Welcome back to Period Dramas, a weekly column that alternates between rounding up historic homes on the market and answering questions we’ve always had about older structures.
Found almost entirely along the eastern seaboard of the United States—from New England to the Mid-Atlantic region—Georgian houses represent one of the oldest architectural styles in America.
However, calling this type of architecture “American” would be a bit misleading: The Georgian style finds genesis in England, where it first came about under the reign of King George I in 1714 and extended through the rule of King George IV, who died in 1830. It was only when England colonized North America when the style took hold across the pond.
Much like in America, Georgian architecture in England was most informed by the classical ideals of proportion and symmetry. Residential facades, especially those facing the street, were neat and orderly with little ornamentation, an influence from Palladian architecture of the Renaissance. It’s usually on the sides or sometimes the backs of the houses when symmetry is cast aside so rooms of different shapes and sizes can be incorporated into the house.
Meanwhile, architectural decoration flourished on the interior, usually highlighting the mantlepiece of a room, if there was one. Instead of seeing how Americans have adopted and adapted this building style, today, we’re going to look at the real (Georgian) McCoy: Houses across the U.K. that exhibit the ideals of Georgian construction. And they’re all on the market right now.
Betton House, Shropshire (6 bedrooms, £1,600,000 or $1,961,920)
Set on about 17 acres of land, Betton House—built in the mid 18th century—is a prime example of how Georgian architecture harnessed proportion and symmetry. The house can be vertically bisected to become two identical halves. The chimneys, curved walls (heck, even the ivy!) are mirror images of each other.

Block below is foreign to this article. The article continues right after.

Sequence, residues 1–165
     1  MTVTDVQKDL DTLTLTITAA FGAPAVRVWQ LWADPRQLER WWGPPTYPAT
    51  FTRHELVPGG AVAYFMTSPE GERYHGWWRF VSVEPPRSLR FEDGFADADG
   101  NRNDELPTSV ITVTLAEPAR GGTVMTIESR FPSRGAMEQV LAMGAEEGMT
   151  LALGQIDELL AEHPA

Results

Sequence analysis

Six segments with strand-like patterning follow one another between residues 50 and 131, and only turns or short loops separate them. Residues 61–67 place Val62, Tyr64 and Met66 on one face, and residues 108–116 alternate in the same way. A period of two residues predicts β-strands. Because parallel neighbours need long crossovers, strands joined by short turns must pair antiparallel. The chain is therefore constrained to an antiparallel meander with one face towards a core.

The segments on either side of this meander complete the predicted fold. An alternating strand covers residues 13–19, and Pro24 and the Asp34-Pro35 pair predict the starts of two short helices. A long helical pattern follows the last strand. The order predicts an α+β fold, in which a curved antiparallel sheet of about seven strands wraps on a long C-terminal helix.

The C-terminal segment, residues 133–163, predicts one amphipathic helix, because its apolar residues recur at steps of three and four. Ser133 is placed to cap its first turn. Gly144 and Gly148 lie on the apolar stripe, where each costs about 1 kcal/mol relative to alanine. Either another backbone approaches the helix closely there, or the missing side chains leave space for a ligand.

What’s interesting, though, is how the section in the back (filled with what was once the staff quarters) completely betrays the symmetry of the main, formal part of the house.
The house’s interiors aren’t ostentatious, but their proportions are generous. Doorways, windows, and even the staircase in the main hall are quite roomy, giving a sense of lightness to the house. The mantlepieces are quite tame, keeping with the decoration of the rest of the house—which is a bit of a shame, since Georgian fireplaces can be quite grand.
The Vale, Berkshire (7 bedrooms, £5,000,000 or $6,083,000)
Most of the time—especially stateside—Georgian architecture is synonymous with brick or wood construction. But that’s not always the case, especially in England. Case-in-point: The Vale, a country house located about an hour and a half west of London.
Here, the symmetrical facade faces the garden. Three identically sized windows sit over three identically sized windows to make up the central portion of the house. The only distinctive feature of the garden facade is the pediment—an architectural ornament plucked from the classical world—over the center window on the second floor.
A balustrade runs across the edge of the roof, a common feature in Georgian architecture, which often has flatter rooflines.
Inside, there’s a showstopper of a drawing room with wood paneling, denticulated molding, and an ornately carved fireplace. But the architectural details aren’t oppressive here: The large windows and open spaces—get a load of that entry!— convey lightness.
The Grange, Horncastle (5 bedrooms, £599,950 or $735,659)
We’re rounding things out today with a house that looks like it came out of a storybook. Set on about three acres of land, The Grange, as it’s known, also has the symmetrical facade that typifies Georgian architecture. But the real reason it caught our eye is because of what’s inside.
The ground floor has two mirror-image rooms—a parlor and a dining room—which exemplify what we mean by the Georgians emphasizing the fireplaces. Flanked with pilasters and surrounded by stone mantles, it’s frankly hard to look away from these chimneypieces.
The cozy rooms are entirely paneled in wood and feature a bay window overlooking the front of the house. To be honest—we wouldn’t mind spending the rest of winter in one of those yellow chairs by the fire.